Friendships Help Us Live Longer and Have More Fun in Life

Friendship is the hallmark of a the presence of a social support system. Civilization did not advance due to rivalrous fighting between warring groups — it was only through collaboration and cooperation that communities were formed and civilizations developed. Humans have always needed others in their lives in order to survive and thrive regardless of the geographical location or historical period — or a person’s chronological age. Research continues to support the health benefits of social support systems and the presence of friends in our lives (Mendes de Leon, 2005). In fact, individuals who maintain their social connections with friends are likely to outlive those individuals who withdraw from their social circles as they age.

Not only do alliances and social connections offer protection and access to goods we cannot provide ourselves, they also offer a satisfying emotional connection that allows us to feel that we have a place of belonging and fulfill our need to matter to others. Friendships are the social connections that we choose to establish and willingly invest in maintaining simply for the pleasure of another’s company. Some people consider their friends to be their “family of choice.” They can offer us comfort and acceptance when we need it the most as well as provide a hug or a shoulder to lean on when the world beats us down or we are just in a funk.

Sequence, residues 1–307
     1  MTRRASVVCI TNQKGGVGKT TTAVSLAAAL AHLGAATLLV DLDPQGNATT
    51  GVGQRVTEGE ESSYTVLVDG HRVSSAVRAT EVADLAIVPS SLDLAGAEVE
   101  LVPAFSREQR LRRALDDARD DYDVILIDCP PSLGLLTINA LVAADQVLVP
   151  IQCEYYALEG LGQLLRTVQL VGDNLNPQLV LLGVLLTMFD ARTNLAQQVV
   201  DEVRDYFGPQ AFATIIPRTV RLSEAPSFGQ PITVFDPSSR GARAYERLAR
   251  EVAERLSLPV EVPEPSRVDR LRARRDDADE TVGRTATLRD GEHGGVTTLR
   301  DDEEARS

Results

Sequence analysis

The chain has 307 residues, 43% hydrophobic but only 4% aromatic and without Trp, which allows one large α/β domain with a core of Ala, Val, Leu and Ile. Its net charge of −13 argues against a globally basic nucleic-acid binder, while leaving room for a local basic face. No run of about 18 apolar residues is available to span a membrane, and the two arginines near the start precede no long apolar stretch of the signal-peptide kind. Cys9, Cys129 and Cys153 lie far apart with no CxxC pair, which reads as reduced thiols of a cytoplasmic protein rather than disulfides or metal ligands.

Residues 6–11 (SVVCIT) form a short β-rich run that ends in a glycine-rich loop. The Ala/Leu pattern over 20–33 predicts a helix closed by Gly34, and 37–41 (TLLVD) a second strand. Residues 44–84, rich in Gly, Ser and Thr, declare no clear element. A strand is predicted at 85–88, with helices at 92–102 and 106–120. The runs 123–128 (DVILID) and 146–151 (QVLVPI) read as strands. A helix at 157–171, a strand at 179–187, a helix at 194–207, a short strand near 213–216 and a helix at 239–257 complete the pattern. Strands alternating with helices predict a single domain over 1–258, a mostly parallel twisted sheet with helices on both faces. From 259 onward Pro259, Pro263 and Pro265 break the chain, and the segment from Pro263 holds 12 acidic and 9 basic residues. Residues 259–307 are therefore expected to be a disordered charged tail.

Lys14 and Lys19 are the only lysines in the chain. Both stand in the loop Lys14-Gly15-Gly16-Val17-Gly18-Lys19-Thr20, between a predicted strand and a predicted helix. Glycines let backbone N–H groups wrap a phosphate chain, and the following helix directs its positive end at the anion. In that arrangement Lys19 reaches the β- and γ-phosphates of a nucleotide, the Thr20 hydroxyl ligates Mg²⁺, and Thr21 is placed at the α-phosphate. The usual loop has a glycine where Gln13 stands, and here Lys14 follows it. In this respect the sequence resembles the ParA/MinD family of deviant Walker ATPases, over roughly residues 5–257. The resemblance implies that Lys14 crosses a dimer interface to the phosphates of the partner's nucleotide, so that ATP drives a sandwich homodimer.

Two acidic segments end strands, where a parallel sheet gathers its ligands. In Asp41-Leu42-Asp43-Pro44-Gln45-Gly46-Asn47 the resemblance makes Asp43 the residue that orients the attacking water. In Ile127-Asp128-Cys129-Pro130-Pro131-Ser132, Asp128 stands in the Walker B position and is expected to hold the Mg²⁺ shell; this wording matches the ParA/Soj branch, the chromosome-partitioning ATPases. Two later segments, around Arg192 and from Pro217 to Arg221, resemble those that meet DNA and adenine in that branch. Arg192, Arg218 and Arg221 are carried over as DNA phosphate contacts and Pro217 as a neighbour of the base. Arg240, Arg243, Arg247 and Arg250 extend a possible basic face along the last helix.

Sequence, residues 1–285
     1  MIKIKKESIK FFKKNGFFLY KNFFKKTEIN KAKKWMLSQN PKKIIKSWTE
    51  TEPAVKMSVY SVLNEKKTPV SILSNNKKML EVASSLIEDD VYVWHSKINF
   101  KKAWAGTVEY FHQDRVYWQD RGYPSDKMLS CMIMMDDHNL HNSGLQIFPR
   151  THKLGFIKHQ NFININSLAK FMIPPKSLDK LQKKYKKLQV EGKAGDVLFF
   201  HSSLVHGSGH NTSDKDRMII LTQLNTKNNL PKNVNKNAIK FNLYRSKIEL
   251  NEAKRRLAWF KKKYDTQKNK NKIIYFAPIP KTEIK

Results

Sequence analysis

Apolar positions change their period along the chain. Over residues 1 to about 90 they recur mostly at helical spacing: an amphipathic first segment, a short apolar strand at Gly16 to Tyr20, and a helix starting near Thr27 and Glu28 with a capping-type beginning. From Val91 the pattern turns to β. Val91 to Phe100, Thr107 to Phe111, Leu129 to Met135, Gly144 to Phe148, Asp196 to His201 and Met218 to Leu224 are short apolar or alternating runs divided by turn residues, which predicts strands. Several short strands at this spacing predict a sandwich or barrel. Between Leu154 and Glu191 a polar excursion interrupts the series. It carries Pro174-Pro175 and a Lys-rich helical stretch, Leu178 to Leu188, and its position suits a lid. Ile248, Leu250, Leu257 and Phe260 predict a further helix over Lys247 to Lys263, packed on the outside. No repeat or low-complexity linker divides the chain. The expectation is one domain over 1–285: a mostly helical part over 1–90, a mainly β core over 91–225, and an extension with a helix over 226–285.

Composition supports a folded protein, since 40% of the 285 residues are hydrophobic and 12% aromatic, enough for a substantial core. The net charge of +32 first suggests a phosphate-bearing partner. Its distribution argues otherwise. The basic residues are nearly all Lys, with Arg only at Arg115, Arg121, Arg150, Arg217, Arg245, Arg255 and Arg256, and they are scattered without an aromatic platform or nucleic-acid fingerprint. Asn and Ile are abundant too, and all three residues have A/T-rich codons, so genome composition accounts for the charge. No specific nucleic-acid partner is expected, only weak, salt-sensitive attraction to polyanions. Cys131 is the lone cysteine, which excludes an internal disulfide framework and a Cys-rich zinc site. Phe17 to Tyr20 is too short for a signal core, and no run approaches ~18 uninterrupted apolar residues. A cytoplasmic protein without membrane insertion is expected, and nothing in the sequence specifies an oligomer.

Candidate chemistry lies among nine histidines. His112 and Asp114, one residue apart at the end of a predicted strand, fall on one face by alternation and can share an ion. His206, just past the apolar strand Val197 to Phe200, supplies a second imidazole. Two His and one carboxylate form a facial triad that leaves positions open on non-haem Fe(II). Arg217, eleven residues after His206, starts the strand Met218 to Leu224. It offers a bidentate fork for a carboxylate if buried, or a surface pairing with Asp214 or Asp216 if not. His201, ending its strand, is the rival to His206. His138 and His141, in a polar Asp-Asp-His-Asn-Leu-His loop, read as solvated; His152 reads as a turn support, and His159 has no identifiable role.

While many of us might wish that we had fewer friends or less people with whom we felt obligated to stay connected, there are also many of us who long to feel more connected and to have more people in our lives on whom we can count. Making friends does not always come naturally for everyone.

There are times in our lives that we may feel especially lonely or in need of a trusted friend. This might be when we enter a new stage in life, such as a new school, a new job, or move into a new town. For those who consider themselves shyer than others, it can seem especially daunting to reach out and make the first overture in a potential new relationship. Yet we have to allow ourselves to imagine that others may be just as reticent to reach out as we might be, ourselves. Here is an overview of the ways in which friendships tend to form and the most likely ways to find that new best friend you need.